Six steer horns extend upwards in delicate and expanded spiral geometries like mutant growth projected from the upholstered back of an otherwise discreet sitting chair. Four more cattle horns reach below to support the chair from its underside: the sharp points of the animal relics brutishly scrape against the cement floor of Long Island City’s SculptureCenter. The “horn chair,” notable as the exhibition’s most cruel yet seemingly most desirable for visitors, is one of 13 that together compose Berlin-based artist Henrike Naumann’s sculptural assemblage Horseshoe Theory, 2022, an intense and relentless opening work for the artist’s debut US exhibition, “Re-Education.”
Concerned with political extremism and its complicated relationship with place, Naumann’s work develops through an obsessive and rigorous process of research and collection in dialogue with cultural, political and spatial locality. All of the objects in the exhibition, mostly found furniture, banal and extreme—19th-century office cabinets and desks, chairs, pitchforks, cartoonish animal bones and boulders—were determined and collected only after Naumann had arrived in New York in the months leading up to the exhibition’s opening. Sourced from New York to rural Georgia to American e-commerce site Wayfair.com, this amalgam of furniture feels entirely at home in her installation at SculptureCenter, which she staged to evoke natural emergence. The space feels cavernous, uncanny in “Re-Education.” Interior partitions, flooring, industrial emptiness and material elements don’t feel like existing art-space architectural components and, like the furniture, are treated as objects charged with mysterious histories and ominous potential.
In Horseshoe Theory, as in much of the artist’s work, verbal political language is both dissolved into immaterial atmosphere and distinctly formalized as found design objects and architectural stagings that become frames for political configurations. The “horseshoe theory,” developed in Germany in the 1930s, contorts a linear political spectrum of “right” and “left” into a near loop, a horseshoe, in a gesture suggesting a resemblance between oppositional political ideologies. Constructing political discontent into physical space, Naumann uses the contended political theory as a ready-made organizational form to reframe design objects as political proxies: “oppressive traditionalism,” for instance, materializes into the fascist brutality of disembodied animal life functionalized into domestic seating decor.
Structured processionally as a series of large-scale works simultaneously inhabitable as architectural spaces and delicately arranged images of them, the exhibition feels something like a prophetic crystal ball mischievously leading viewers further into a mythologized American future. Adjacent to the political extremism expressed through seating objects in Horseshoe Theory looms Naumann’s towering Rustic Traditions, 2022.
This monumental work succeeds as a sculptural form in establishing new materiality for discussing the January 6 United States Capitol attack, while also proposing a fictionalized yet unsettlingly convincing alternative outcome. Ascending towards the gallery’s ceilings and resonating with the cold darkness of intricately stacked federal furniture and harsh agricultural tools (which seem more like weapons, here), this menacing work stands as a memorial to a destroyed American population and an accidental artifact of a violent coup. This assembly of furniture appears almost as an attempted barrier, a failed barricade that couldn’t stop what was to come.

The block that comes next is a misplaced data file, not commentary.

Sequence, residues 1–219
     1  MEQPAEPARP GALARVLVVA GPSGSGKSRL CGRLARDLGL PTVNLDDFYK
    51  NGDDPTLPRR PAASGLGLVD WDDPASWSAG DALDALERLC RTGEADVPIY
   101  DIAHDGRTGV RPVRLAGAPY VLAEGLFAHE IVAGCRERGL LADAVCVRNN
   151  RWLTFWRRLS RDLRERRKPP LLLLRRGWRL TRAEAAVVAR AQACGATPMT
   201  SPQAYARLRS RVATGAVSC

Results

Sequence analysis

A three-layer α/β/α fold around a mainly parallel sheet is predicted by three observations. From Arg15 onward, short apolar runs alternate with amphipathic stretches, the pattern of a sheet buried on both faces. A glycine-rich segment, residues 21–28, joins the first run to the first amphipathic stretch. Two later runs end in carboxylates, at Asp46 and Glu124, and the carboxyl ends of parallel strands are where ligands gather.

Working like a conspiracy theorist (or, using one’s methods as a ready-made process), Naumann’s practice interrogates fact and evidence. The artist traces and digs, uncovering latent throughlines to stage apophenic, sinister theories tightly braided into the geopolitical sites she works in. This method inscribes itself into the exhibition’s peculiarly paranoid haze, too: I’ve never been inside a conspiracy theorist’s working space, but I think it may offer something like Naumann’s exhibition. And, despite the particularity of Naumann’s articulated austerity, the individual objects collected for the exhibition were gathered in the same way you or I might find them for our own spaces: through the familiar process of endlessly scrolling Craigslist or Facebook Marketplace, standard methods for interior furnishing, popular protocols for identity assembly and aestheticization. While the spaces and objects of “Re-Education” feel alien, they’re constantly grounded by Naumann’s subtle reminders that, ultimately, these objects are ideologically neutral—commonplace furnishings you can find anywhere. Then again, as a text work displaying the unsettling Trump quote “Very fine people on both sides” reminds us: neutrality is never actually neutral.
Although the processes of research and acquisition aren’t the focus of the installation works themselves, Naumann’s working methods are critical components of the exhibition’s uncanny familiarity and haunting endurance (I saw the show in September 2022 and can still feel its strange darkness). The works in “Re-Education” feel like heavy materializations of radical political ideologies, conspiracy theories and mythologized futures: monuments to the idea that the objects we organize into the spaces we occupy are both reflections of and foundations for the construction of our own individual and political identities. Naumann’s illusions of spaces, at once playful and evil, altogether exemplify an artist with a keen ability to translate complicated political languages into highly aestheticized spaces with foreboding resonance. ❚
“Henrike Naumann: Re-Education” was exhibited at SculptureCenter, Long Island City, New York, from September 22, 2022, to February 27, 2023.
Cameron Cummings is a designer and writer based in Toronto and Montreal. He teaches at the School of Architecture at McGill University.